Five years have passed since Jo-Wilfried Tsonga made his dazzling run to the final of the Australian Open at the age of 22.
The flashy Frenchman hasn't been back to the final of a major since then.
Tsonga has a big game that can trouble the top players - he rallied from two sets down to beat Roger Federer at Wimbledon in 2011 - but he's struggled to beat them consistently. He was just 1-15 against the top 10 players last year, with his only win coming against Juan Martin del Potro in Rome.
The seventh-seeded Frenchman lost another tight match to a top player in the quarterfinals of the Australian Open, falling to No. 2 Federer 7-6 (4), 4-6, 7-6 (4), 3-6, 6-3.
When asked after the match why he feels it's so tough for him to beat the top players, a disappointed Tsonga was at a loss.
"To be honest, I have no idea. You know, if you have some advice for me, I will take it because I don't know. I don't know what is the difference,'' he said.
Tsonga might find success again with a new coach. After going more than a year without a coach, the Frenchman hired Roger Rasheed - the former coach of Gael Monfils and Lleyton Hewitt - a few months ago and said the impact has been immediate.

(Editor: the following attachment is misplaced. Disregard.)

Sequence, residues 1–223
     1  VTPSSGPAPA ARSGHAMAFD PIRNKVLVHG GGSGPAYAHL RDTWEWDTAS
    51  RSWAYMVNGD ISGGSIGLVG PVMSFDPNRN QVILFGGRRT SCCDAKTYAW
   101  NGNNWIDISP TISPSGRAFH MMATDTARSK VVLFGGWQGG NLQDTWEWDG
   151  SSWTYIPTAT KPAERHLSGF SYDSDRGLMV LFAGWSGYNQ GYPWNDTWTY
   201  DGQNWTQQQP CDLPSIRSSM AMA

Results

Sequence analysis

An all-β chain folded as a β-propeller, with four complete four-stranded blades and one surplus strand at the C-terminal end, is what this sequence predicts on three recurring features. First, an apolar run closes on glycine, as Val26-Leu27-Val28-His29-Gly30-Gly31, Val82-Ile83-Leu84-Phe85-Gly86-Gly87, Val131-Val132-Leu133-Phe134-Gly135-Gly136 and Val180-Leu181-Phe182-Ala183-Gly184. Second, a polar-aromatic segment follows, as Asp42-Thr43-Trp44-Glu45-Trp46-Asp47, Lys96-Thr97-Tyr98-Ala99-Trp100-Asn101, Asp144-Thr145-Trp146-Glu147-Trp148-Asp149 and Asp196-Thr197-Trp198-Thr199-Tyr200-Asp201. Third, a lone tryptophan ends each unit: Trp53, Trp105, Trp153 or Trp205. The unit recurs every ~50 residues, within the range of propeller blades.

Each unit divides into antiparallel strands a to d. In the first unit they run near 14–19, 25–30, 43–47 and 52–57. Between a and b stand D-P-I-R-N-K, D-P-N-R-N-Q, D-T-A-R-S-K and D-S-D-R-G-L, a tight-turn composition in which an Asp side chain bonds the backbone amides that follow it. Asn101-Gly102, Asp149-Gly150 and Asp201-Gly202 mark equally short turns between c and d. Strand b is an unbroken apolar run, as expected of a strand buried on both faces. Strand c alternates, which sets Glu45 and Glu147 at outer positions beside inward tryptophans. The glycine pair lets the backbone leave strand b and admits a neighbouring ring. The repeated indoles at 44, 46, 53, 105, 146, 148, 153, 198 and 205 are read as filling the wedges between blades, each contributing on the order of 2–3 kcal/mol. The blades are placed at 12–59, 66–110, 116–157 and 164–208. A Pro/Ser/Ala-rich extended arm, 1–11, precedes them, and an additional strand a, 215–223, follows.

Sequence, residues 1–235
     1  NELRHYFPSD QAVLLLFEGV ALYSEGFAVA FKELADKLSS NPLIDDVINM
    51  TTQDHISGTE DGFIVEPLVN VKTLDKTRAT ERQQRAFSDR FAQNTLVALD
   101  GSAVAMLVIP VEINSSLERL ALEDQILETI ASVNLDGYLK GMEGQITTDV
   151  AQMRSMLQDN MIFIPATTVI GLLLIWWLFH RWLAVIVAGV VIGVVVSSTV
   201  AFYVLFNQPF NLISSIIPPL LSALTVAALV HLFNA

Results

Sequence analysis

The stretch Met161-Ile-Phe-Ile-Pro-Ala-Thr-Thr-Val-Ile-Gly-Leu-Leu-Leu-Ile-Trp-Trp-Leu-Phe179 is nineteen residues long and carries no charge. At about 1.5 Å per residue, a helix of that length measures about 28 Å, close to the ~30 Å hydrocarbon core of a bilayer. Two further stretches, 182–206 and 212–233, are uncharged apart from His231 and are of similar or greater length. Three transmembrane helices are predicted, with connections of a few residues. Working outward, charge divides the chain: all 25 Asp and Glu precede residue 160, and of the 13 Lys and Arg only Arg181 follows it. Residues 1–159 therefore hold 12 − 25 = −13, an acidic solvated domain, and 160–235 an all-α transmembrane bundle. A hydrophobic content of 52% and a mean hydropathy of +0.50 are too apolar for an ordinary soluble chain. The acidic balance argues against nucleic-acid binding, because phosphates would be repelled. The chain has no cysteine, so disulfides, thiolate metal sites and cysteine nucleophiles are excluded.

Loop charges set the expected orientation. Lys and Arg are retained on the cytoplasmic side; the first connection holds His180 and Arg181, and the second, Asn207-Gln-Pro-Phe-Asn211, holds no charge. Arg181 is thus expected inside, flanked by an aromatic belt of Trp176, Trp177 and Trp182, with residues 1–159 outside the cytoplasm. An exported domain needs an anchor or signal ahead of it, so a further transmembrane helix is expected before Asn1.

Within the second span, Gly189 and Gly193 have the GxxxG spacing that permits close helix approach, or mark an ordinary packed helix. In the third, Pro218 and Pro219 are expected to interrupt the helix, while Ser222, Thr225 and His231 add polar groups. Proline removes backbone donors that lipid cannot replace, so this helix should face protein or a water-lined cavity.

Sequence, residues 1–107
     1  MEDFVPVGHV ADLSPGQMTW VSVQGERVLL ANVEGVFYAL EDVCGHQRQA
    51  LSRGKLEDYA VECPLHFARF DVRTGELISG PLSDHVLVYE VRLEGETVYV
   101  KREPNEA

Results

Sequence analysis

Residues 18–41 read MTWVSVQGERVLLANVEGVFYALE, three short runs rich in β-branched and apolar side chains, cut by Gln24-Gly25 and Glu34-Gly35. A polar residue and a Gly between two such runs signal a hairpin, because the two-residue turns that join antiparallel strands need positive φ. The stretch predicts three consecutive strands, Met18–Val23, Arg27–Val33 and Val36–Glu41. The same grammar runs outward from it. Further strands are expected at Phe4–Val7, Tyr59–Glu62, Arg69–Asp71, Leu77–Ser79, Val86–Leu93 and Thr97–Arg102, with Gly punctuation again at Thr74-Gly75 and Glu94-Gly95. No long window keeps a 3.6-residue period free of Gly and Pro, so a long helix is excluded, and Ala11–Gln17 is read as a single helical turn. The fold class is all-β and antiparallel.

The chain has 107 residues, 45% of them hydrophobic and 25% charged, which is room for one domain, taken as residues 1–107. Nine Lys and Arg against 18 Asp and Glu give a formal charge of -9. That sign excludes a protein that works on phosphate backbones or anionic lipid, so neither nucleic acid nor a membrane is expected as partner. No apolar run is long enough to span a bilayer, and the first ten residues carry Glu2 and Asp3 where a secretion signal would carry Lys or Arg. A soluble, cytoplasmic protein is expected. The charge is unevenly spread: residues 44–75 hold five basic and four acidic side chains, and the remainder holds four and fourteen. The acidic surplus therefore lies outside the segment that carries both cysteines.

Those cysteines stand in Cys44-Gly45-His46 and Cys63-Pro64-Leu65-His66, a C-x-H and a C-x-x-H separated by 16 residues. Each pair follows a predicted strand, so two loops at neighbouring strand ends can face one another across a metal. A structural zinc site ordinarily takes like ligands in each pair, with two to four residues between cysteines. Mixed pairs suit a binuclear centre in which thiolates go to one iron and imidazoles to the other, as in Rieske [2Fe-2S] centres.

"He's giving me an extra motivation,'' Tsonga said. "It's great because he's always positive. He wants maybe more than me to win. He's incredible.''
Even if he never wins a major, Tsonga remains one of the most entertaining players on tour - both on and off the court.
In his news conference after the Federer match, he drew laughter when he shared his thoughts on the difference between the top male and female tennis players.
"You know, the girls, they are more unstable emotionally than us. I'm sure everybody will say it's true - even the girls,'' he said, jokingly. "I mean, it's just about hormones and all this stuff. We don't have all these bad things, so we are physically in a good shape every time.''
At one moment deep in the fifth set against Federer, Tsonga sprinted to hit a drop shot and, after hitting the ball, kept running around the net all the way to Federer's baseline.
He then turned and made a motion like he was going to hit Federer with a ball. The playful moment got a big laugh from the crowd - and even a little smile out of Federer.